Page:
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Infection. 1997 Jul-Aug;25(4):221-6.

Hydatid disease of the spine: a survey study from Turkey.

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Dept. of Neurosurgery, Adnan Menderes University School of Medicine, Aydin, Turkey.


Spinal hydatid disease is rare, even in rural areas where echinococcosis is endemic. Although the liver and lungs are commonly involved, spinal hydatid disease, either primary or secondary, represents an uncommon but significant manifestation of the disease. This survey study reviews 28 reports of spinal hydatid disease from Turkey during the past 5 decades. Only 14 patients also had pulmonary or some other organ infestation. The cysts affecting the spine were commonly in the thoracic region. Most patients had intraspinal extradural hydatid-cysts associated with vertebral involvement. The presenting symptoms were mostly atypical, and it was interesting that most of the patients were misdiagnosed preoperatively as Pott's disease during the first decades, suggesting that new imaging techniques such as CT and MRI are the diagnostic procedures of choice for this disease. Surgery remains the best therapy for spinal hydatid disease, although adjuvant antihelminthic therapy may be necessary. There were only 15 cases of recurrence (18%); surgical intervention was palliative in all these patients and it was followed by chemotherapy. Operative mortality was very low (two patients died in the early postoperative period) and there were no complications related to treatment with antihelminthic drugs. The study indicates that hydatid disease should be considered in the differential diagnosis when radiological findings suggest spinal infections or tumors, and that surgical decompression in association with chemotherapy is the treatment of choice.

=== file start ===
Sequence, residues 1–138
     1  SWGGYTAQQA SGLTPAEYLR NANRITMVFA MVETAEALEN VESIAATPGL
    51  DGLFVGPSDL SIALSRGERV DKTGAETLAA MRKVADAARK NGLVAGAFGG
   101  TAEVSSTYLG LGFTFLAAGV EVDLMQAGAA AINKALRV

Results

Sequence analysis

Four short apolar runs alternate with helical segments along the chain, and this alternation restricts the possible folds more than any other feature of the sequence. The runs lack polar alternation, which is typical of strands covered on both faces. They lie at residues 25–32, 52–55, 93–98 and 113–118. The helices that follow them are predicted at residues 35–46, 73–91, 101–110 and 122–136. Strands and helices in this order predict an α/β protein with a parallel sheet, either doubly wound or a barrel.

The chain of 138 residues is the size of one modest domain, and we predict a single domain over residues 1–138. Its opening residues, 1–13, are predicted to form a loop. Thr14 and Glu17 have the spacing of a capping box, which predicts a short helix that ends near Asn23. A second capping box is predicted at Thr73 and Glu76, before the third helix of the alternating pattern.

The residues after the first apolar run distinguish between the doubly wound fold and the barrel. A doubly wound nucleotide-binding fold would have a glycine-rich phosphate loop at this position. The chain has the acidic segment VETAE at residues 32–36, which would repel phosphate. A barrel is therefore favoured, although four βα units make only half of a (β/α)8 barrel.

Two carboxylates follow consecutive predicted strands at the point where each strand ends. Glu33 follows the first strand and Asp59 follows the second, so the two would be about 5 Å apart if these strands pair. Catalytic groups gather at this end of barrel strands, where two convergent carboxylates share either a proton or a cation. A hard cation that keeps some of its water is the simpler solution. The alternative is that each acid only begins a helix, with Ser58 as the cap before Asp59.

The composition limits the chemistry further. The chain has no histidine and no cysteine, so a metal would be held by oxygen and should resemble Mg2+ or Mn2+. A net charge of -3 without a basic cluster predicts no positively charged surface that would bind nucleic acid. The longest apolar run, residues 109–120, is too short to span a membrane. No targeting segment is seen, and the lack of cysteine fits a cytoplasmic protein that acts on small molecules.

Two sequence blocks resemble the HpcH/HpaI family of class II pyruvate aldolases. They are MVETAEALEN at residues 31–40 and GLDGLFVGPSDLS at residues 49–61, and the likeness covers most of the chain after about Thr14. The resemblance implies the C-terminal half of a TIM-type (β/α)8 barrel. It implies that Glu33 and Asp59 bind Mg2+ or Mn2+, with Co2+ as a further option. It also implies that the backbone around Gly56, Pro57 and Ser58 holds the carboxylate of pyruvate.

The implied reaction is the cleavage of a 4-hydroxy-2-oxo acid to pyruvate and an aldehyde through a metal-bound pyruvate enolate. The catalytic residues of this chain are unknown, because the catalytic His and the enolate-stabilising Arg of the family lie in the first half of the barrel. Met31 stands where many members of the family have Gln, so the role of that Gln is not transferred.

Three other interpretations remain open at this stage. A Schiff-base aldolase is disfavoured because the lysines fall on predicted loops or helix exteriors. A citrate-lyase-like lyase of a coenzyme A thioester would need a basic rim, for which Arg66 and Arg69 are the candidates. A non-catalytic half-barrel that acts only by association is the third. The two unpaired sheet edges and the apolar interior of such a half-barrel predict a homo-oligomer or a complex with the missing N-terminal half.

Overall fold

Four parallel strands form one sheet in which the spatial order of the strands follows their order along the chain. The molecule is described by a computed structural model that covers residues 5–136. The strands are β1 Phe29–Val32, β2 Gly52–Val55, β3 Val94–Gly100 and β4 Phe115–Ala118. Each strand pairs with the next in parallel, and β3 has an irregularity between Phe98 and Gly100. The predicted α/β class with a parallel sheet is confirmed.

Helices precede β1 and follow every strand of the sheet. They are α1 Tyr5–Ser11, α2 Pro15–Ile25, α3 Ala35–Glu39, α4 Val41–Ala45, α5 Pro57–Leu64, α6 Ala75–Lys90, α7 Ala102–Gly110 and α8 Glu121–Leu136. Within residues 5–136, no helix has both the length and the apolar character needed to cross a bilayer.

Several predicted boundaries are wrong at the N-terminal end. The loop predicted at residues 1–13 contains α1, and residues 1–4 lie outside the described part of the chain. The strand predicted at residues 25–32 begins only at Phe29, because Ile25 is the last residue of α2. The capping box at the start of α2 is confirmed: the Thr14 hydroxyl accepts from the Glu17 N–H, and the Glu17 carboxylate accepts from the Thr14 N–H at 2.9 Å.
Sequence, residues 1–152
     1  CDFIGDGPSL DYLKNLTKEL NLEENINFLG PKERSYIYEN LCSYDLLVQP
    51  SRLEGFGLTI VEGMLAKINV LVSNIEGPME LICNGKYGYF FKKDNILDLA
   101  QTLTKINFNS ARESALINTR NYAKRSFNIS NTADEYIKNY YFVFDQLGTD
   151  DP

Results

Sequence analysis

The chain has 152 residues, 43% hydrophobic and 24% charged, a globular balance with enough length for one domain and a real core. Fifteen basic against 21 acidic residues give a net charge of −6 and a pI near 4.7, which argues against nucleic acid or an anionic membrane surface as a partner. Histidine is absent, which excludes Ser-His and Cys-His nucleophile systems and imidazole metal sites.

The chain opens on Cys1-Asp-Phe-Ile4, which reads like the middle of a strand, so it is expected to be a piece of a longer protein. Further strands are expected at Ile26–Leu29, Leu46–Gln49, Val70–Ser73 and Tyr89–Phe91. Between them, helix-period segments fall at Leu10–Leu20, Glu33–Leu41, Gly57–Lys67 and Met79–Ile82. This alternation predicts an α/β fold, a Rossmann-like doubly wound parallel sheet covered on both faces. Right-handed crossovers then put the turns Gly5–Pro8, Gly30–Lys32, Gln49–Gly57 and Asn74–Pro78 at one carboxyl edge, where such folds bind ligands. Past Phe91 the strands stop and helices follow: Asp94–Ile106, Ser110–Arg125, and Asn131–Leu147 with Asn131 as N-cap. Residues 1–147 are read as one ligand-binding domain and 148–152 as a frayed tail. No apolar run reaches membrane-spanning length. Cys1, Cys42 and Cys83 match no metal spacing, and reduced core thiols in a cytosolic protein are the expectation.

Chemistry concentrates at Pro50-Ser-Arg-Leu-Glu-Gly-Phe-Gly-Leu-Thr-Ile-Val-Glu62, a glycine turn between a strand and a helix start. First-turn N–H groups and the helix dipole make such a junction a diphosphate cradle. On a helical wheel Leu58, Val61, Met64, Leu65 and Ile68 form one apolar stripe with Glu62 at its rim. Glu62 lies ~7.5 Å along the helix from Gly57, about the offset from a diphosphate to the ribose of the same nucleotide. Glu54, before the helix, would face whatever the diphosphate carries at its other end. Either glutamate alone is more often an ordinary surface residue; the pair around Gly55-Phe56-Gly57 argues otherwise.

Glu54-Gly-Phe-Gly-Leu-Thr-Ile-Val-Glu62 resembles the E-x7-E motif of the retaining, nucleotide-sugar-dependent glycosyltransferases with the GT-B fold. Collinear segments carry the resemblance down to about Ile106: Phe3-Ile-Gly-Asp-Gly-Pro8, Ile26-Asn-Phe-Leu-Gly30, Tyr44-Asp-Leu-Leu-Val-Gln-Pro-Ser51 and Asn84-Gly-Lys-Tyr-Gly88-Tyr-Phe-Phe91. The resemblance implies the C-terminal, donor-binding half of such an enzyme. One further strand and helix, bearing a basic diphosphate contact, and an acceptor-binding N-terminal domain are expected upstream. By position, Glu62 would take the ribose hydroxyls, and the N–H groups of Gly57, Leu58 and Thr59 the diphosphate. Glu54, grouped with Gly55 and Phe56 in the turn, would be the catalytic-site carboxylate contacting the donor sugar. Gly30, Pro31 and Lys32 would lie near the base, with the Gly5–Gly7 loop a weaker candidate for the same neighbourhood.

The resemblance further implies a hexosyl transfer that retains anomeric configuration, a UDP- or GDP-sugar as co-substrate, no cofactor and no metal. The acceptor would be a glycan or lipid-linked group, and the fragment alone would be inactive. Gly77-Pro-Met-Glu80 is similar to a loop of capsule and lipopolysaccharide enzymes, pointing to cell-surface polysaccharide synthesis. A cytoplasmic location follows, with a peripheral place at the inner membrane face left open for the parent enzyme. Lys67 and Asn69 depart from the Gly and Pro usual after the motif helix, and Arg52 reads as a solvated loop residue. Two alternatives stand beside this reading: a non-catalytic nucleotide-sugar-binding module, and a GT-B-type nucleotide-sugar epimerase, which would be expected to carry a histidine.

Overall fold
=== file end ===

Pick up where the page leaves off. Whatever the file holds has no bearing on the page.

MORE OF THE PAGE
[Indexed for MEDLINE]

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